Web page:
There are some (like my sister) who dislike writing and think that they have no talent for it, and there are others (like me) who dislike gardening because of the dirt, the hard work and the insects. For those who dislike both, there are other options. Are your hands crafty? Have you tried making things on your own?

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    Doing it yourself does not always mean making things completely from scratch. You don’t have to be a carpenter and carve a piece of furniture out of a tree trunk all on your own (although, if you think you can do it, go for it, but take some lessons first). You can choose simpler things which will still give you something to do and think about. For example, you could refurbish what you already have. The idea does not have to be yours. There are plenty of suggestions for DIY things online.

    I have found some ideas for hand painted wine glasses and- being an artistic soul- I sat down and re-decorated all my wine glasses. While I was doing it, I was focused on the task and it made me oblivious of all the other problems in life.Whenever I’d drink from them, I’d be delighted that I’ve managed to create something new and exciting out of something that I’ve been looking at for years. All it took was a few dollars’ worth of acrylic paint and some time to focus on the painting, and that was it.

    4. Hiking

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      When you mention hiking, some people immediately think of a person climbing up a tall mountain with 45-50 pounds of gear strapped to their back, but this is just one way to do it. For the less hardcore out there,( e.g. people like me who can only spare an hour a day for fun physical activities), there are easier trails available. If you have your gear ready to go and live near some good hiking trails, you can hike nearly every day without messing up your hectic daily schedule.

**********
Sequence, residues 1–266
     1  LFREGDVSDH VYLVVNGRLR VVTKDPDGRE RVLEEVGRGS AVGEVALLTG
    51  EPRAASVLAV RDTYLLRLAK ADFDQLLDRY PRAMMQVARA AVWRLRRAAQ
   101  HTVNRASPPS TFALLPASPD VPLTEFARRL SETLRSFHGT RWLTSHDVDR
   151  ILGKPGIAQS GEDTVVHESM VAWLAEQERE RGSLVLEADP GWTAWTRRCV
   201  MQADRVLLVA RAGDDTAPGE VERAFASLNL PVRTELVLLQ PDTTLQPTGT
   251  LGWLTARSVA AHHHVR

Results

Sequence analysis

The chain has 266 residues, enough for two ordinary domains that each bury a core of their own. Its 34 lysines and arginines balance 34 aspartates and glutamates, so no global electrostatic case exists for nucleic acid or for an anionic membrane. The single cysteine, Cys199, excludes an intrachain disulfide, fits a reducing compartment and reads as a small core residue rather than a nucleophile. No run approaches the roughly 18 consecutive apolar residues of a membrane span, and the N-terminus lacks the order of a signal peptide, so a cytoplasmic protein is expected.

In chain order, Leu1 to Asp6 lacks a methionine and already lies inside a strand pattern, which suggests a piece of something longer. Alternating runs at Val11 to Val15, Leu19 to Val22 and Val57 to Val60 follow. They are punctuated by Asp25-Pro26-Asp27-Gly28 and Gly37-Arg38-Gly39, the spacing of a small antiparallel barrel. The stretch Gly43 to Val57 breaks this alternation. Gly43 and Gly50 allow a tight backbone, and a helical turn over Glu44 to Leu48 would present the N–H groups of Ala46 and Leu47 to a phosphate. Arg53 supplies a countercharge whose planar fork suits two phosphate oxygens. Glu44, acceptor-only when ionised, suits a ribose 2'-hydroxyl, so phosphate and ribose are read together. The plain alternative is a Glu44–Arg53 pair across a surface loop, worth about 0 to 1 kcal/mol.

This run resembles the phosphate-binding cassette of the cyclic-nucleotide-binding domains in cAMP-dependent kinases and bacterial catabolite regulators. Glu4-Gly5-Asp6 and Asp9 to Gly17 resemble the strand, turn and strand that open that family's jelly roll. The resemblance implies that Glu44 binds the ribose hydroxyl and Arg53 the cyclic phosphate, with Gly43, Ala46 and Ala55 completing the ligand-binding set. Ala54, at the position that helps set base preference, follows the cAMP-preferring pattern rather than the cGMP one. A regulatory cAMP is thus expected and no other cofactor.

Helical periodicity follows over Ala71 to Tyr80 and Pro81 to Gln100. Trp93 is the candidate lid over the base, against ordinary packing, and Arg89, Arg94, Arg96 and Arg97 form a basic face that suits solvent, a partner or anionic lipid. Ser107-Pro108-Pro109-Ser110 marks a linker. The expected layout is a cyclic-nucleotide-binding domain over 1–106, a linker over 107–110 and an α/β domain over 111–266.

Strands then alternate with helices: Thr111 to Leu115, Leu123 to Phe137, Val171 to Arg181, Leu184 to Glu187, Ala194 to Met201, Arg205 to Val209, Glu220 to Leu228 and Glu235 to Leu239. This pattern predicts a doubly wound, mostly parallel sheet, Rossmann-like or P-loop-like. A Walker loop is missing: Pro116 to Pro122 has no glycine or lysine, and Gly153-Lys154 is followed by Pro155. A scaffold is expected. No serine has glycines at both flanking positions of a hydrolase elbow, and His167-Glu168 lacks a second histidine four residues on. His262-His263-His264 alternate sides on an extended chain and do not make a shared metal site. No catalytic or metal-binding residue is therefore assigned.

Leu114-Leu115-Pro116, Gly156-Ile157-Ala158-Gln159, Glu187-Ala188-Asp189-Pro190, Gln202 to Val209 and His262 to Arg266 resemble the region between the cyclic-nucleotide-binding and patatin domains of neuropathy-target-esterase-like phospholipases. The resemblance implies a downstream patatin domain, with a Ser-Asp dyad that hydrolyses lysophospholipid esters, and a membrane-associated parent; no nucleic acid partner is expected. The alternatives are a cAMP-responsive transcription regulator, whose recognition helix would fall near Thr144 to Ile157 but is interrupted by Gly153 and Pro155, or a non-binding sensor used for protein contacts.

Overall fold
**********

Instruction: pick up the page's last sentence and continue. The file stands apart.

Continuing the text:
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      While running or some exercise should be done daily for the sake of your health, they can be monotonous activities. Hiking on the other hand, can take you places you’ve never been before away from the urban jungle of your city/town and into unspoiled nature.

      Wherever in the world there is elevated ground, there are hiking trails available. It can even be something as simple as a long walk up a small hill. What’s better, most of these trails are free – all you need is to join a couple of hiking enthusiasts who will take you along. Once you’re at the top of that hill, you’ll feel free like never before and you’ll forget all about the stress that’s been gnawing at your mental health.

      5. Sewing and knitting

      Finally, for those among you who are physically active enough (constantly living on a hectic timetable can be an extremely tiring activity on its own), settling down in a chair and working with your hands only probably sounds like a 5-star-hotel holiday. That’s exactly what knitting and sewing bring to the table. Add to that the fact that you can create your own wear and be your own fashion designer – what else does a woman need?

      Knitting is something that you don’t need to invest much in, although it is a bit more complicated than sewing. You need to buy some down and learn some knitting patterns and you’re good to go. However, it takes great skill with your hands to make every pattern as good as it should be.

      Sewing, on the other hand, will probably require you to purchase a sewing machine (there are even special sewing machines for beginners), but having a machine will make the work much easier (for those who are a bit clumsy with their hands). Once you’ve gotten the hang of it, you’ll be able to give a proud answer of “Oh, this? I’ve made this!” when people ask you where you bought that wonderful and unique dress.
      In my opinion, hobbies should be somewhat old-fashioned. This will help us stay in touch with nature and take a step back from the ever-more-frenetic world that we live in. Life used to be a lot slower-paced way back when there were less technological marvels around. Adopting some traits from those simpler times will help your brain defragment, improving relaxation and stress-relief, thus helping you cope with all the hardships that everyday life brings.

      Featured photo credit: http://unsplash.com/post/93258573139/download-by-s-zolkin via pexels.com

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      Katarina Milovanovic

      Creative Writer